Cobra is most commonly performed as part of a Sun Salutation. In the Vinyasa sequence, it is an alternative to Upward Facing Dog (Urdhva Mukha Shvanasana). It is, however, a powerful backbend in its own right, so it is worthwhile to devote some time to working on this pose in isolation.
Cobra with the arms bent is sometimes referred to as Baby Cobra. If you straighten your arms, you've reached Full Cobra, but don't rush to get there.
How to do
Lie down on your stomach.
Slowly raise your trunk and head using only your palms for support. The elbows of the arms should be bent.
Look up with your neck slightly arched backwards.
Make sure your navel is flat against the floor.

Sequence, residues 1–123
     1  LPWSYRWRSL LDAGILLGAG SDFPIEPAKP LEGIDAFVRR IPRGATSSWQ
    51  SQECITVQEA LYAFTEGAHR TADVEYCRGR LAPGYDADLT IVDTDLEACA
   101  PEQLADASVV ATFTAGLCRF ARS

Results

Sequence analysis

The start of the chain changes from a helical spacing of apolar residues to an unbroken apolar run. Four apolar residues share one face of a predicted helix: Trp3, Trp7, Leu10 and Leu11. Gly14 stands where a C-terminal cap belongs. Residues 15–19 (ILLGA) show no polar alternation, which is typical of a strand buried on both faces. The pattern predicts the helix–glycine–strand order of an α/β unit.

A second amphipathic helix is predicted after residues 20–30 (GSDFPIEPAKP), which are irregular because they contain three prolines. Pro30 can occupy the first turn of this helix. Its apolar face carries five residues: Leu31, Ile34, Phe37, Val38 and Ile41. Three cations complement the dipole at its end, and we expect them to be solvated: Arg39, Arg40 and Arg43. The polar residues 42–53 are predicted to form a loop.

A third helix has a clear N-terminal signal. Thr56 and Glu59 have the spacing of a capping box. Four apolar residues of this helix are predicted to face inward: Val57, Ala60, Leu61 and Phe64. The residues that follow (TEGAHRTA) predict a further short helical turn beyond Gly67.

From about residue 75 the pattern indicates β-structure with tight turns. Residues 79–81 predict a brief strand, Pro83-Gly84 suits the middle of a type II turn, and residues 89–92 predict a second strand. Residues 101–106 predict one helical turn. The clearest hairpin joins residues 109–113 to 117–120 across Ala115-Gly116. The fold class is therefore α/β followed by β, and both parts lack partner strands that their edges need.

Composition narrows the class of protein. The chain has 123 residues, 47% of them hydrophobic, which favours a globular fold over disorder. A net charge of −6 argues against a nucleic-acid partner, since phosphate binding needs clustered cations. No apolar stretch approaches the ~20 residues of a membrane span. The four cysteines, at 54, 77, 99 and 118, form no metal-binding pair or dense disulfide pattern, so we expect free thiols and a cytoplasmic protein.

Press your toes into the floor to apply pressure. Then, spread them out. Hold the pose for a few seconds.
Helps to strengthen the spine
Stretches the chest and lungs, as well as the shoulders and abdomen.
Sculpts the buttocks
It stimulates the abdominal organs.
Aids in the relief of stress and fatigue
Allows the heart and lungs to open.
The male and female reproductive systems are becoming more efficient.
Menstrual cycle irregularities are also addressed.
Your face will appear more radiant as blood circulation improves.
If you have carpal tunnel syndrome or an injury to your back, arms, or shoulders, you should avoid Cobra Pose. You should also avoid it if you have recently had abdominal surgery or are pregnant.
If you feel any strain in your lower back, relax the pose and lower yourself to rest on your forearms.
Note: All the asanas and pranayama should be performed under the guidance of your certified yoga teacher.